Love That Dog is a perfect choice for young readers who think they hate poetry, because Jack, our young protagonist, hates poetry too! But when he’s forced by his teacher to write poetry, Jack realises that poetry might just help him express himself in an entirely new way. A sweet, gentle story that you just can’t help but love.

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Finding Wonders: Three Girls Who Changed Science by Jeannine Atkins

Who knew that poetry and nonfiction could blend so beautifully together? This verse novel introduces Maria Merian, Mary Anning and Maria Mitchell, three women who broke with social norms and expectations and helped further scientific knowledge and understanding.

This is absolutely just the tip of the verse novel iceberg, and there is likely a perfect title out there for just about anyone! What are some of your favourite verse novels for young people?

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15 Comments

  • Reply maryleehahn

    The “tip of the verse novel iceberg,” indeed! These are favorites, but I’d have to include Gone Fishing, Gone Camping, and the three books in the Like Pickle Juice on a Cookie series. (I have a whole SHELF of verse novels in my classroom!!)

    June 9, 2017 at 10:33 am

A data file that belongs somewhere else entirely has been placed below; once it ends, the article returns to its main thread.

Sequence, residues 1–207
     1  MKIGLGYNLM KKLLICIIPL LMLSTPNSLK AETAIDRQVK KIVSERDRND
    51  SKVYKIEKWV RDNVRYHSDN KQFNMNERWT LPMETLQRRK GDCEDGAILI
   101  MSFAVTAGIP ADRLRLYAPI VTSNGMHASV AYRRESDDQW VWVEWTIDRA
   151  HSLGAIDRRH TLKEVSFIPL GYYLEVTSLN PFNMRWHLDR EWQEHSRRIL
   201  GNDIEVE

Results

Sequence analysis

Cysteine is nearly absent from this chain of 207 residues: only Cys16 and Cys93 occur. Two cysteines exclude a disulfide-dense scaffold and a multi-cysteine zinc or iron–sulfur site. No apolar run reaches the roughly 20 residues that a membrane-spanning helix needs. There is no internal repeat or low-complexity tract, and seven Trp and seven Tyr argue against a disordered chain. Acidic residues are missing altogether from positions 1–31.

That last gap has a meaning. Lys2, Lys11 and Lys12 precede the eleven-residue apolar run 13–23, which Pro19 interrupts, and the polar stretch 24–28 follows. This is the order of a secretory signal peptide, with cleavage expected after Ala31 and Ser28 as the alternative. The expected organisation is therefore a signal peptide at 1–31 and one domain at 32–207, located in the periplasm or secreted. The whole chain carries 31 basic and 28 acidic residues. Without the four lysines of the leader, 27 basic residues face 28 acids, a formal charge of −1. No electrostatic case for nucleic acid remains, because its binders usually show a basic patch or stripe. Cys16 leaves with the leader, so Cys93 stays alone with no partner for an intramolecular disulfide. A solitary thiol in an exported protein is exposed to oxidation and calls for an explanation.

• Reply cvarsalona

    Jane, thank you for sharing the titles, some of which I own and other for the TBR list. Have a great day. (I know I asked before but do you have any photos of springtime in Japan to share on my gallery?)

    June 9, 2017 at 5:49 pm
  • Reply lindabaie

    I love each one of these, Jane, plus those that Mary Lee mentioned, and Laura Shovan’s The Last Fifth Grade of Emerson Elementary. Wow, recently there are so many wonderful ones. I’m glad you celebrated them today!

    June 9, 2017 at 7:30 pm
  • Reply Linda Mitchell

    Rockstar verse novels, all of them! Wonderful list. If anyone is just starting to read verse novels….start here!

    June 9, 2017 at 9:27 pm
  • Reply jama

    Wonderful list! Brown Girl Dreaming is sublime, as is Margarita Engle’s Enchanted Air (though both are considered memoirs in verse, rather than novels, I think).